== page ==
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Oak Street & Oregon Allergy Blog

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Preparing for a climb into the clouds
Slow and steady. At 14,400 feet, that mantra can’t be beat. Neither can the views.

As someone who recently traveled to Peru, Dr. Richard Buck will tell you that those breathtaking sights are best enjoyed when your mind is open and your body is prepared.

Tagged in: Hiking Travel

141007OSMmethylisothiazolinone-smMethylisothiazolinone, or MI for short, is a common ingredient in many skin care products that can cause itchy rashes. A preservative that kills bacteria and prevents fungus from forming, MI can be found in shampoos, conditioners, dishwashing liquids, detergents, beauty products and baby wipes. It can also be found in some water-based paints.  

Methylchloroisothiazolinone, or MCI for short, is a similar ingredient that can also trigger rashes. Over the years, MI and MCI have been used in combination. But increasingly, MI is being used on its own and in greater concentrations.

Tagged in: Rash Skin

140915OSM cancerrisk-smGentlemen, let’s gather into a virtual huddle. None of us want to hear the worst news of all – a cancer diagnosis. So let’s have a no nonsense talk about the steps we can take to reduce our risk. It’s plain and simple, guys – doing each of these ten things consistently will greatly reduce your risk of dying from cancer. Here we go:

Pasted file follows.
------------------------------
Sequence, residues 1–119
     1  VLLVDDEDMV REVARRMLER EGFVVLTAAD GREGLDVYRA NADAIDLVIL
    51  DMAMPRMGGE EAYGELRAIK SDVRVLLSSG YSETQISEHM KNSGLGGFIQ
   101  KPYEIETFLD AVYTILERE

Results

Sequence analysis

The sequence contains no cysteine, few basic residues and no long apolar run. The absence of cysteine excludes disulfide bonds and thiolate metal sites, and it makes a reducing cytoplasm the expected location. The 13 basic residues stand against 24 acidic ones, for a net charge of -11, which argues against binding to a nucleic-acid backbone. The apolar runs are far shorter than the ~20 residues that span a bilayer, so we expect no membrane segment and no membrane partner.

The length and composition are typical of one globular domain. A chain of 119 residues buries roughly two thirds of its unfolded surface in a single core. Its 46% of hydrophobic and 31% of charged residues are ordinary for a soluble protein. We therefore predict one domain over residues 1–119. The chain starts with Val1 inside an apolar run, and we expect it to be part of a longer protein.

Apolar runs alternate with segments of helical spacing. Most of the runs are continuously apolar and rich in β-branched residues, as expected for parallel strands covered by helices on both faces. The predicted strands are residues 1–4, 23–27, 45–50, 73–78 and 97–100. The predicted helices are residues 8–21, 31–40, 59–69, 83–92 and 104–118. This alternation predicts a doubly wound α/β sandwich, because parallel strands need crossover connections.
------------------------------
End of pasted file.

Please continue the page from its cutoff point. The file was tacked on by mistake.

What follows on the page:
140902violetellis final smWhen Violet Ellis took up crocheting in the ‘70s, she was instantly and literally hooked. She found that sitting and knitting at the end of the day was a great way to relax, keep her hands busy and take her mind off any worries.

More than 30 years later — now a great grandmother — she’s knitted enough blankets, hats and slippers to warm an army. Friends, family and those who visit the Eugene Mission are frequent recipients of her handiwork. She’s even bequeathed her blankets to doctors and nurses at Oak Street Medical.


140818OSM helmesafety-smWhile driving and running around Eugene, I see a lot of people out riding bikes, many with helmets and many without. Good for you if you are one to always don head protection when hopping onto your bike. I often worry about the people who don’t.

When I see a patient for a check-up and we talk about preventive health measures, such as cancer screening, immunizations and checking cholesterol, I also ask about helmet use. This often catches people off guard, because it’s not something most doctors ask about. The truth is, wearing a helmet is an important yet easy way to prevent a catastrophic head injury. We should all — no matter what age or level of experience — wear helmets when cycling, in-line skating, skiing, snowboarding and even horseback riding.